How Apple Pay Makes Fraud Easier
Apple Pay is being hyped quite a bit, and rightfully so because it makes paying for things with your credit cards even easier. But there's a flip side to it: Apple Pay makes it easier for thieves to use stolen credit card information.
Currently, there are two classifications of stolen credit card info. There are dumps and CVVs. Dumps rely on information taken from brick and mortar stores, usually via malware installed on a store's point of sale software. Data is taken from dumps and encoded onto fake credit cards for use in said brick and mortars. They cost $10-30 at underground online bazaars. CVVs are taken from online stores and generally used to make online purchases. They are not as easy to use as dumps, so they go for $1-5.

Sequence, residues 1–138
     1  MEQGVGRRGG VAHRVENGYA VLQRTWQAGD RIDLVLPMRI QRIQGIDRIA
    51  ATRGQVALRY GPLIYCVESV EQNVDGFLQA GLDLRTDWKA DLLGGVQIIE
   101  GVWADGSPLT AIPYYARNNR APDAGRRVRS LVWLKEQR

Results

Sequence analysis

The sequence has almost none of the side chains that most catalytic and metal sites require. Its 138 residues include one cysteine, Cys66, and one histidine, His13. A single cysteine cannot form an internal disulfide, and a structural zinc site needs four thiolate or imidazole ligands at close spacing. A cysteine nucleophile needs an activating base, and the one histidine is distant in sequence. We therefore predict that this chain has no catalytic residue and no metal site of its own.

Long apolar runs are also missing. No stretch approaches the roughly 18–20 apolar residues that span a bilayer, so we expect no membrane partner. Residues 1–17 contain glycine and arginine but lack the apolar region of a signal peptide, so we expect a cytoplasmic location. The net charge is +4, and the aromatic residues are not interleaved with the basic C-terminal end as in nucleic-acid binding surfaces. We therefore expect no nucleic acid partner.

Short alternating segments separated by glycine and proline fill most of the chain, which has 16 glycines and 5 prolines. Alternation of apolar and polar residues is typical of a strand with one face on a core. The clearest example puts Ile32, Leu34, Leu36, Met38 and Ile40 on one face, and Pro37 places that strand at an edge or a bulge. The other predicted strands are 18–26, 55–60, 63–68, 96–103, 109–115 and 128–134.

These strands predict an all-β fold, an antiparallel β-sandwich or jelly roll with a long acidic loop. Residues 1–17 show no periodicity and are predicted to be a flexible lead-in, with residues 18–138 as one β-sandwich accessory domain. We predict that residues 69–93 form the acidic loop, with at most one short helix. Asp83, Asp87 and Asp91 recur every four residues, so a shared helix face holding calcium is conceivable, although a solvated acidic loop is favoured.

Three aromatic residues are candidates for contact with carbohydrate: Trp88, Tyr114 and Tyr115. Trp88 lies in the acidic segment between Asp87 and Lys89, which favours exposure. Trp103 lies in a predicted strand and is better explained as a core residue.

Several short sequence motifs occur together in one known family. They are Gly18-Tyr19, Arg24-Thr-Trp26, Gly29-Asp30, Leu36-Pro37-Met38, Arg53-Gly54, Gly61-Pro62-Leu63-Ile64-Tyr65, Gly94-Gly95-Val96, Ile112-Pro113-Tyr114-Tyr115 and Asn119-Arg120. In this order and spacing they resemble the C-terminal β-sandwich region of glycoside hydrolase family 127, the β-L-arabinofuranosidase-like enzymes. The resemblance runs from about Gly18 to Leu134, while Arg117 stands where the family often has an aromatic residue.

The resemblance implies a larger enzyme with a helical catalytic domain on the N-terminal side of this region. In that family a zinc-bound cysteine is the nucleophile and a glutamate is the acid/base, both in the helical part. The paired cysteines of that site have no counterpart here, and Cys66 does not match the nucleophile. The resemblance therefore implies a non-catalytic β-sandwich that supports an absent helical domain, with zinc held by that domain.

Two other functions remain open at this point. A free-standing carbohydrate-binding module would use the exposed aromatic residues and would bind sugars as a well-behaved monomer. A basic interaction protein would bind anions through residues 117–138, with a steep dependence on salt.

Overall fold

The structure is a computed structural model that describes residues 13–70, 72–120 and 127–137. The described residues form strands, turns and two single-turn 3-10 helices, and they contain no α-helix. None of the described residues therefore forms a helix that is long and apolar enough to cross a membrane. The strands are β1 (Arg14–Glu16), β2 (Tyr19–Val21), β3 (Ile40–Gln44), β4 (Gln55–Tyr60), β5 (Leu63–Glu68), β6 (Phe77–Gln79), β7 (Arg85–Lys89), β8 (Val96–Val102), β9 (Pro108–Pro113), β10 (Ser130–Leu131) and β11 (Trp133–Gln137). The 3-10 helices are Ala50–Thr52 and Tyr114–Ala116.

Where Apple Pay comes into play is that it allows people to sign up online and ties into an iTunes account, which can be hacked about as easily as an other online account. Hacked iTunes accounts can be bought for less than $10. There was a chance to make Apple Pay even more secure by including things such as a device ID, but this hasn't been done. As a result, it won't be terribly difficult or expensive for thieves to use Apple Pay accounts online or in stores.